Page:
Monday, November 14, 2011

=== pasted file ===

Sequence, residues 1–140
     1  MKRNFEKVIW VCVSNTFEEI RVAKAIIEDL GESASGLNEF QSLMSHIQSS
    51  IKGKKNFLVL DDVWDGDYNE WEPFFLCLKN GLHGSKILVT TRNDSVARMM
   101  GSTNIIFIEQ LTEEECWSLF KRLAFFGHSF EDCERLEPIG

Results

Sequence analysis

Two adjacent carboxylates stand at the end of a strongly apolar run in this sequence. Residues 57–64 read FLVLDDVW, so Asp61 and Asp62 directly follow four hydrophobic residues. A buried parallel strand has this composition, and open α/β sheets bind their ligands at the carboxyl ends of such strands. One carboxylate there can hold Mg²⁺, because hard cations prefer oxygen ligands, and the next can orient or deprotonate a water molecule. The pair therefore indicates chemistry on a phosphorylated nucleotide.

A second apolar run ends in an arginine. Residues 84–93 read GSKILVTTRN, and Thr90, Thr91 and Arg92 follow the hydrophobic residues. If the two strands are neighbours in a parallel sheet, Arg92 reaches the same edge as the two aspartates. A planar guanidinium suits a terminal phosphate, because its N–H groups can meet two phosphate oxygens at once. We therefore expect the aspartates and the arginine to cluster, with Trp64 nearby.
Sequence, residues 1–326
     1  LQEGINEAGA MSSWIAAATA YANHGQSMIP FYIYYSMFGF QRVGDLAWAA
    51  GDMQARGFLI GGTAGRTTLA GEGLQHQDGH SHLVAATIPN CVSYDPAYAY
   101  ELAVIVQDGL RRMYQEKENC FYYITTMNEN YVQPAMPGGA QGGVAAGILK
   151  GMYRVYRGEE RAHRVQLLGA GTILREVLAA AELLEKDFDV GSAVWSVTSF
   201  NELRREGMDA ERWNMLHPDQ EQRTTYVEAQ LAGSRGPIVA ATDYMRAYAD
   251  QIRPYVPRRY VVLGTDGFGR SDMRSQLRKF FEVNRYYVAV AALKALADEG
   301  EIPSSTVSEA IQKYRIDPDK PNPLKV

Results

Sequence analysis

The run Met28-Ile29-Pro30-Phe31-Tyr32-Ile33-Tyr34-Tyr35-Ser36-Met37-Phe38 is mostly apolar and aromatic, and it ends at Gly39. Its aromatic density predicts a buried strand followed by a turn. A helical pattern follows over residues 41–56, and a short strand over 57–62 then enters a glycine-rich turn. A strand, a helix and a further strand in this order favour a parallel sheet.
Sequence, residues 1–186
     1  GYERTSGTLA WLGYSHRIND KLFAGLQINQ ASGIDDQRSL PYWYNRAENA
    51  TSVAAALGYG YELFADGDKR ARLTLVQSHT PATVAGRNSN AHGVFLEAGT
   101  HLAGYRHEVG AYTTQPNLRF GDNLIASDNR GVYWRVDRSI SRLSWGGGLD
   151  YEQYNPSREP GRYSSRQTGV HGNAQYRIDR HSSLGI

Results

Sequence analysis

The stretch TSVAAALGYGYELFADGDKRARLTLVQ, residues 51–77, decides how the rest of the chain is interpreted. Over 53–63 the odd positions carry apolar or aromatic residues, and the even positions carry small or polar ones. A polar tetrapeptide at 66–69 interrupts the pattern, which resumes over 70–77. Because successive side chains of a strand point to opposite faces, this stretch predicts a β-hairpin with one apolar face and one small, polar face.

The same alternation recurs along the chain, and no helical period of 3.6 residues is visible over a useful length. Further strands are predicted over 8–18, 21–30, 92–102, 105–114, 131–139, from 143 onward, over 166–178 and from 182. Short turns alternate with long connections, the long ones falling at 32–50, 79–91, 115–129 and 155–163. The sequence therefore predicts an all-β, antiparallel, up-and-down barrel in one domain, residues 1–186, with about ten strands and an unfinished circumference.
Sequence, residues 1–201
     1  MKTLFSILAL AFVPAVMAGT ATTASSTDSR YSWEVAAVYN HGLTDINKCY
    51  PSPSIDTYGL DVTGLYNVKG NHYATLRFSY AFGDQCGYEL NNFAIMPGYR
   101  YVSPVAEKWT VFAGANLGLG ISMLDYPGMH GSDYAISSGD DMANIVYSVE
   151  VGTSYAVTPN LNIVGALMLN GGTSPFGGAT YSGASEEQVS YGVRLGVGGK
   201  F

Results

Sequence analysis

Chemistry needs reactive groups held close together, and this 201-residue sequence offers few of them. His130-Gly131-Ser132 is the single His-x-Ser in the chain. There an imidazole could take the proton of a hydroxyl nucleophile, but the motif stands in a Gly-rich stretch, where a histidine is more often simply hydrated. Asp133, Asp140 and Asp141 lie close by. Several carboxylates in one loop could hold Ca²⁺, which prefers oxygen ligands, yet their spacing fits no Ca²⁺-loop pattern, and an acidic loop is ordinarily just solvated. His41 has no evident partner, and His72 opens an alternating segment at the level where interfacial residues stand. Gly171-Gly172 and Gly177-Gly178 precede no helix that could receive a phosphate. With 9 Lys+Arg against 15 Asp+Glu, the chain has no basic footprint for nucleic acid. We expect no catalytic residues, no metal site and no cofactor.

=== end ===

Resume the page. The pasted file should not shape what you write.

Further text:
2011 Integrity Award Dr. Shiv Chopra Dr. Margaret Haydon Dr. Gérard Lambert Dr. Shiv Chopra is tireless. Speaking from his home in Ottawa, Chopra describes how he and his Health Canada colleagues were consistently harassed, reprimanded and eventually dismissed for whistleblowing on issues involving public health and food safety between 1988 and 2004. “It’s not just our right, it’s our obligation to blow the whistle,” he says. “This is a matter of the Charter of Rights and Freedoms, and these freedoms are on behalf of the public, for the public.” In 1998, Chopra, Dr. Margaret Haydon and Dr. Gérard Lambert, scientists working for Health Canada, testified before the Senate, raising concerns about the controversial bovine growth hormone (rBGH) developed and manufactured (at that time) by multi-national food corporation Monsanto. The drug was designed to promote milk production in dairy cattle, and testimony from the scientists led to an almost universal ban of the drug in developed nations. And they didn’t stop there. Later, the group warned against carbadox, a drug that promotes growth in pigs. In 2003, before mad cow disease grabbed headlines, Chopra and Haydon called for a total ban on including animal parts in the feed of other animals. In 2001, Haydon publicly argued that a ban on beef from Brazil was focused more on politics than public health. During this time, the scientists say, they experienced pressure from the highest levels of bureaucracy, and that this was at the behest of large corporations. Over six years, Chopra, Haydon and Lambert were reprimanded, muzzled and eventually dismissed in 2004 for insubordination. “By dismissing us from our jobs, the government is trying to scare other public service employees so nobody else will speak out about any illegal things being done in the workplace,” says Haydon. “Since our dismissal, they have legislated new rules under the Public Service Accountability Act, administered by the Public Sector Integrity Commission, which provides no protection to whistleblowers. More than 10 years ago, we were sent to then new Public Service Integrity Office, which dismissed our complaint without conducting a duly proper investigation. Ten years later, we are still waiting for a proper investigation ordered by the Federal Court.” In August 2011, the scientists’ complaints were considered at the Public Service Labour Relations Board. In a 208-page report, the Board ruled against seven of the eight grievances filed by the scientists. In one case, they agreed that Lambert was wrongly dismissed—but Chopra and Haydon remain fighting. Chopra, Haydon and Lambert exemplify why whistleblowers should be lauded and protected. By sacrificing career and reputation to keep Canadian food safe, they’ve led the way in protecting the public good. Lyndsie Bourgon (lyndsiebourgon.com) is a freelance writer in Toronto. Integrity Award New in 2011, CJFE is presenting the Integrity Award to recognize and build awareness of the need to protect the rights of “whistleblowers,” those people who, without thought of personal gain and at personal and professional risk, expose corruption, or illegal or unethical practices in the public or private sectors. The recipients of this award are individuals who acted courageously in the public interest without thought of personal gain, and in doing so risked reprisals in the form of threats to their careers, livelihood, or personal freedom.